- United Nations Entity for Gender Equality and the Empowerment of Women
- United Nations' "Global Strategy for Women's and Children's Health" (500k PDF)
- UNWomen "Vision and 100-Day Action Plan" (105k PDF)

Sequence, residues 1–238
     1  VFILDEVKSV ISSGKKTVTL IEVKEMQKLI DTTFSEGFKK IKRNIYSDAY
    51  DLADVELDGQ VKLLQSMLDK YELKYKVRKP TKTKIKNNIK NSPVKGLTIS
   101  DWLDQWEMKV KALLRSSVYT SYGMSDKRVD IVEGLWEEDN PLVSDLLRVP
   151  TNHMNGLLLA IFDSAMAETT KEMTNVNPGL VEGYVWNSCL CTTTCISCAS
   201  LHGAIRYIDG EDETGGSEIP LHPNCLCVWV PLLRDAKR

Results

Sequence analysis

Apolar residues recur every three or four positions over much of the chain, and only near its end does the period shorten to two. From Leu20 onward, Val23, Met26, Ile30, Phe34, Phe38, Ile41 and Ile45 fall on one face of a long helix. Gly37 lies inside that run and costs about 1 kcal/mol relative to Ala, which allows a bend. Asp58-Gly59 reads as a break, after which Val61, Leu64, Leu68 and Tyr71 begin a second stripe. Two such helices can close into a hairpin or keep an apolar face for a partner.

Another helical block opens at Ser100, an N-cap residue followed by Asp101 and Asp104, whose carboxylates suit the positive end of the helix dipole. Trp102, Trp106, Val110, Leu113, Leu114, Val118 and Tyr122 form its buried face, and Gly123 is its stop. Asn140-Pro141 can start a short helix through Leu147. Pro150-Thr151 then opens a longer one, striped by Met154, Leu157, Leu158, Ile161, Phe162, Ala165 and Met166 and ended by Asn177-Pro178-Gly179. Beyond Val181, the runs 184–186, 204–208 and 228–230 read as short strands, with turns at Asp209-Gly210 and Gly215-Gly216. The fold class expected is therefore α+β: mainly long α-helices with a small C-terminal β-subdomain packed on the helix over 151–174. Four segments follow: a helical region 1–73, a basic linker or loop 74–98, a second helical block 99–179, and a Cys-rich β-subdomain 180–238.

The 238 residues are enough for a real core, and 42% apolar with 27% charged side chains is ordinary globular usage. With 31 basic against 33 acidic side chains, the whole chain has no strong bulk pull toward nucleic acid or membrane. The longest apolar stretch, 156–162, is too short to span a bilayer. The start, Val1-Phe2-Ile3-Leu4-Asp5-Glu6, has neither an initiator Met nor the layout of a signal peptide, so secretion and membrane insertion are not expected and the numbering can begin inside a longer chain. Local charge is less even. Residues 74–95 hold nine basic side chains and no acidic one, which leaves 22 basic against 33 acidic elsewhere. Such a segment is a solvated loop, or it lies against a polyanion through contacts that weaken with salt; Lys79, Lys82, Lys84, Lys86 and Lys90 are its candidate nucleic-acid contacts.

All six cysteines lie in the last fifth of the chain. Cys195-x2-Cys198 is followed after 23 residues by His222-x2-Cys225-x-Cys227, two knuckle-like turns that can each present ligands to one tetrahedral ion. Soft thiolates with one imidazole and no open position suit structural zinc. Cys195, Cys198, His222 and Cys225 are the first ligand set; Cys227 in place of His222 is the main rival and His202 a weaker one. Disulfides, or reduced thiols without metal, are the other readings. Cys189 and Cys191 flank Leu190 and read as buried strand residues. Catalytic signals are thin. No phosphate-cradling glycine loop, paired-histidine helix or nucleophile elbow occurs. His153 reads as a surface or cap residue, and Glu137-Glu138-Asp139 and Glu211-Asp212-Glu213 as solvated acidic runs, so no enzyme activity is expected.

Recognizing that -- after ten years of dialogues and recommendations – insufficient progress has been made in empowering women around the world, in July 2010 the United Nations General Assembly approved the establishment of UN Women, the United Nations Entity for Gender Equality and the Empowerment of Women, to accelerate progress towards gender equality and the empowerment of women. The office is now responsible for promoting gender equality, expanding opportunity for women and girls, and tackling gender discrimination around the globe. This entity is headed by former President of Chile, Michelle Bachelet, and merges four of the world body’s agencies and offices: the UN Development Fund for Women (UNIFEM), the Division for the Advancement of Women (DAW), the Office of the Special Adviser on Gender Issues, and the UN International Research and Training Institute for the Advancement of Women (UN-INSTRAW). The creation of UN Women culminates UN progress on the empowerment of women that started with the 1946 creation of the Commission on the Status of Women; the 1952 General Assembly adoption of the Convention on the Political Rights of Women; the 1963 Comprehensive Declaration on the Elimination of Discrimination against Women; the four UN World Conferences on Women (1975 in Mexico City, 1980 in Copenhagen, 1985 in Nairobi, and 1995 in Beijing); and the 1976 creation of UNIFEM. Under Secretary-General Ban Ki-moon, the UN has developed a Global Strategy for Women's and Children's Health; launched the UN Voluntary Trust Fund for Victims of Trafficking in Persons, Especially Women and Children; launched the “Unite to End Violence against Women” campaign, the “UN’s Stop Rape Now” initiative; established a Special Representative on Sexual Violence in Conflict; implemented a zero-tolerance approach to sexual harassment; advocated for increasing the share of gender-related allocations in official development assistance; called on Member States to increase the number of women in leadership and decision-making positions; and significantly increased the number of women in high UN management positions.